• DdC

      Kant, I agree that this bill is symbolic and that it more than probably won’t pass. As far as a game changer goes. Nothing is going to remove the profits of the Ganjawar except the truth and that, under any semblance of Justice, is enough to remove it as a schedule#1 narcotic. The fact that it has lasted 40 years tells me there is no semblance of Justice concerning the drug war. Like with Dr Fry, the states were completely in cahoots with the Feds. After 215 the state showed exactly what they would do. Kill Peter McWilliams and bust anyone anywhere at anytime. Since Boosh junior and Obombo the Feds were kept at Bay and now have no grip over individuals. Or manpower to do it. They might still go after the political prisoners but most individuals are protected as it is under 215. The only ones the Feds are busting are profiteers in buyers clubs, not protected under 215. As for reality. Nixon lied and I’ve been toking 40 years legally. Illegal laws need dropped, not appeased and compromised on. Good Luck Barney. My opinion remains. As for the white powders not being legalized if Ganja and Hemp were removed as scheduled narcotics. Apples and Oranges. Anthrax wouldn’t be legal either. I believe it should all be sold in clinics and drug stores for the safest ingestion by the patients. Same precautions as the other drugs. White Powders aren’t illegal because they are competition to so many status quo non renewable. Ganja and Hemp are and until that is understood. Well I guess I’ll keep toking as a quasi outlaw. The patients I assist are more comfortable under 215, but no one individual feels threatened by the Feds. This is a states rights issue under the 10th Amendment but like Poll Tax and Nullifying Juries on lynch mob cases. The states aren’t the holy grail in liberty either.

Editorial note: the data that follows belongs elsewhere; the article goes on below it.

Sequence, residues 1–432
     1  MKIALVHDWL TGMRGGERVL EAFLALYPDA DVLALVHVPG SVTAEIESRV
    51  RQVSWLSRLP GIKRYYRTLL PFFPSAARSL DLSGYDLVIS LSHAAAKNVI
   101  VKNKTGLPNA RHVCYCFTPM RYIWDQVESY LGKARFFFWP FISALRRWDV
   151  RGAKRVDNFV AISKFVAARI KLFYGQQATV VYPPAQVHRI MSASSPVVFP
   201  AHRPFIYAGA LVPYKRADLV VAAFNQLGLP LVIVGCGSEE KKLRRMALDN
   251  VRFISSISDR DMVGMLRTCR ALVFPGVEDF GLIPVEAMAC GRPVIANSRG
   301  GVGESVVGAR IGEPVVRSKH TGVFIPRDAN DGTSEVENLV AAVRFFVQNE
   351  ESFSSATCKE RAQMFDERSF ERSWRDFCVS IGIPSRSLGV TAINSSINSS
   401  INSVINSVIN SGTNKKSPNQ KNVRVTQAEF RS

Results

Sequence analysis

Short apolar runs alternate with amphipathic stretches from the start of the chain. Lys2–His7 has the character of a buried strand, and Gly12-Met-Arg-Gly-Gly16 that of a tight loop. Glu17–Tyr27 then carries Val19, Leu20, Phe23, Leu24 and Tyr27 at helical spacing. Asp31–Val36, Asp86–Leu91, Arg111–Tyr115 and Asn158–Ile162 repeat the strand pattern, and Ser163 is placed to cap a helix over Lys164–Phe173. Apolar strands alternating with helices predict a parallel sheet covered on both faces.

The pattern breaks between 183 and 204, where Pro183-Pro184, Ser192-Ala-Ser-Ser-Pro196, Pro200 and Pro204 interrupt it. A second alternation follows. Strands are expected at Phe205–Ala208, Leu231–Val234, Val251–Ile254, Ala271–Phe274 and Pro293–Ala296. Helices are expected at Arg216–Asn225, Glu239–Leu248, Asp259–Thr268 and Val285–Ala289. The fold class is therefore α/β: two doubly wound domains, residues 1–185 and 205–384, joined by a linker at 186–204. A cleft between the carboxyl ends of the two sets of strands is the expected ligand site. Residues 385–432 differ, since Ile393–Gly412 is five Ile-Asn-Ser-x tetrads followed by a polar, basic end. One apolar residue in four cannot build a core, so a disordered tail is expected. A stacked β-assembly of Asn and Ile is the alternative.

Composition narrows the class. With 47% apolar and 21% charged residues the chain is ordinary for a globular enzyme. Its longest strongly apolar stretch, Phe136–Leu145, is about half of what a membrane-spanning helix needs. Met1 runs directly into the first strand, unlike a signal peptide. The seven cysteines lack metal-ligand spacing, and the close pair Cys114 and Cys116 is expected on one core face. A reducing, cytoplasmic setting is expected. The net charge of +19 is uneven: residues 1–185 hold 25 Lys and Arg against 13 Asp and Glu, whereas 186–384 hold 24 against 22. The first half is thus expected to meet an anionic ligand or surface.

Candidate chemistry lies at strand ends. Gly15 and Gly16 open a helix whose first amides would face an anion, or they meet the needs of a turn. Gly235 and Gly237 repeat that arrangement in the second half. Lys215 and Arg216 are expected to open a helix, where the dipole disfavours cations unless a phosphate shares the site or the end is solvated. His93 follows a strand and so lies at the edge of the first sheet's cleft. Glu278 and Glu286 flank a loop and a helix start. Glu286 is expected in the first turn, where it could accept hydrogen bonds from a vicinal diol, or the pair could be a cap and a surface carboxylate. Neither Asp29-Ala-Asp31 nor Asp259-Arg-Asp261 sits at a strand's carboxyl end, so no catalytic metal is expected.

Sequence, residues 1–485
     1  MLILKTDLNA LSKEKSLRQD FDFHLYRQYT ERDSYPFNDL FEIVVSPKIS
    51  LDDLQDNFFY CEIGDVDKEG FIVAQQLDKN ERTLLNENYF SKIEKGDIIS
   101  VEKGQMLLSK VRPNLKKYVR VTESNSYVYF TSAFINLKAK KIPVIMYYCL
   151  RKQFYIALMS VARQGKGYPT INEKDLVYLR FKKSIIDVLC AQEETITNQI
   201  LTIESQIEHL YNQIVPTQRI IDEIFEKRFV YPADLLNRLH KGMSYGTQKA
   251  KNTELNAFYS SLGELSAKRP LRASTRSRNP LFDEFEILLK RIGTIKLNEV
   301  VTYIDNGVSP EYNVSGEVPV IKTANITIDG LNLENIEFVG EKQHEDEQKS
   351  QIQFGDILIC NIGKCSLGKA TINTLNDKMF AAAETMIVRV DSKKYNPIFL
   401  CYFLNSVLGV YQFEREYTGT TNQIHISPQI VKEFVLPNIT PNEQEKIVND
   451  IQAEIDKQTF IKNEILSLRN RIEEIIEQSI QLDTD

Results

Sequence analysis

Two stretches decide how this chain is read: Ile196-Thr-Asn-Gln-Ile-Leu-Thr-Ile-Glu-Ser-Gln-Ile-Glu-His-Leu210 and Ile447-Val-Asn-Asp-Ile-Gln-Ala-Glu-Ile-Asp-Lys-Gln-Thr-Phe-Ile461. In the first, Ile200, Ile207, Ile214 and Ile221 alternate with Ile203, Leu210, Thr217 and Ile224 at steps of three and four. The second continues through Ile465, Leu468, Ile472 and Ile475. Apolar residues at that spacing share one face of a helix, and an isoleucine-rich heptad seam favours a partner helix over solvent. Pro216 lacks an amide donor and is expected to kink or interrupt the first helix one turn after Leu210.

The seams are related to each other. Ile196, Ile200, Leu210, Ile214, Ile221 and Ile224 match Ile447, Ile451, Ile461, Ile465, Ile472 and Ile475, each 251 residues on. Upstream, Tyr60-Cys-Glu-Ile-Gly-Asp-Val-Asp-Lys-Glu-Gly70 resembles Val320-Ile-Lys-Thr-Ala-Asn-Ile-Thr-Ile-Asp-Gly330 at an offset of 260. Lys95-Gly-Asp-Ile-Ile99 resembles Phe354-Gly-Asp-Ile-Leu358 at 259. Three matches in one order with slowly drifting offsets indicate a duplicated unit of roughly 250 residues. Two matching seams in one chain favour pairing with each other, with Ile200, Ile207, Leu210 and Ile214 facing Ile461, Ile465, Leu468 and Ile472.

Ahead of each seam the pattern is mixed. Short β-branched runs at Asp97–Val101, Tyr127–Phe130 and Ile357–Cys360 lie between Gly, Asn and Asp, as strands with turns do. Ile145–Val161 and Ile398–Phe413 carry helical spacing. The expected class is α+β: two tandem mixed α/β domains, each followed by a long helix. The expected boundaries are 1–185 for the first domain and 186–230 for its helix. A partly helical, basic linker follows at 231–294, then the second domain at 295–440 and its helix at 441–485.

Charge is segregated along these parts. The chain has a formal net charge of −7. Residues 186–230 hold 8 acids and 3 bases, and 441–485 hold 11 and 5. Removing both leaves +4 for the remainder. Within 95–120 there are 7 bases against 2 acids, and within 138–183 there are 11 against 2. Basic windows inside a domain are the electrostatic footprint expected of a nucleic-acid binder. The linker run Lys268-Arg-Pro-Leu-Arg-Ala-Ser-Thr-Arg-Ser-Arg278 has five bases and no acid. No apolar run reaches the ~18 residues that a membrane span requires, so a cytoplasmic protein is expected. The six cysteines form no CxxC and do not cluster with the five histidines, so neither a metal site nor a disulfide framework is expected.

Al Capone and Watergate were red herrings to divert the countries attention from the Fascist acts of eliminating competition. Booze/Ethanol or Ganja//Hemp.

  • vickyvampire

    I’m stunned too. I could Kiss and hug them two may God Bless them. Yes even if of course it probably won’t pass,but at least it is on radar still in USA. and will be for a long while. If it takes continual whining,begging cajoling,dancing Happily,legitimate groups on capitol Hills across America ad nausem will pound and be in your face until you FREE THE WEED.

  • malcolm kyle

    This great documentary was mentioned earlier. Here’s the torrent for those not wishing to wait: Google: “Kensington Raw Opium 1of2 DVB x264 AC3-MVGroup”

  • dt

    If the poll numbers reach above 50%, I bet this could actually happen. The last poll I saw had support for legalization in the mid 40s. Support for gay marriage just inched above 50%, and now the word is that Obama is going to drop the “civil union” stuff and just support gay marriage in 2012. He’ll probably get some good speeches out of it. Sooner or later, something similar will happen with weed.

    I wonder how long it will be until other drugs get legalized. There are a lot of hallucinogens whose prohibition is at least as unreasonable as cannabis prohibition, but there doesn’t seem to be much support for legalizing them. And what about the much needed sea change in the way society thinks about drugs?

  • ezrydn

    Don’t get too jazzed and don’t go negative. We’ve been here before. Simply get vocal. Spread the word to the voters. That’s really just about all ”we” can do and we do that exceedingly well.

  • vickyvampire

    Ok I’m reading the usual cool stories over at reason Magazine and this story catches my eye,Gun Owners of America Calls for dissolution of ATF. Posted by Mike Riggs.

    Now if I’m not mistaken, is it not conservatives who hammer on about the Authorities in Government keeping their hands off their Guns, regulating tobacco and occasionally whining about the Liquor Laws. They say that it,Gun control or pro-prohibition causes more crime and folks can not defend themselves. These same many not all clamor for not letting Marijuana Medical or other wise be legal can they not see the violence this pro-hibition causes also.

    http://reason.com/blog/2011/06/22/gun-owners-of-america-calls-fo

  • Paul

    First thing I thought, was, “Now THERE’S a strange pair!” One is so Right and the other so Left they wrap around and meet on the other side.

    But on second thought it is not so strange. Frank, for all his faults, is pretty much what lefties are hoping to get when they vote for a democrat. He is true to his principles, even if people like myself don’t quite understand them, and he is a genuine social liberal.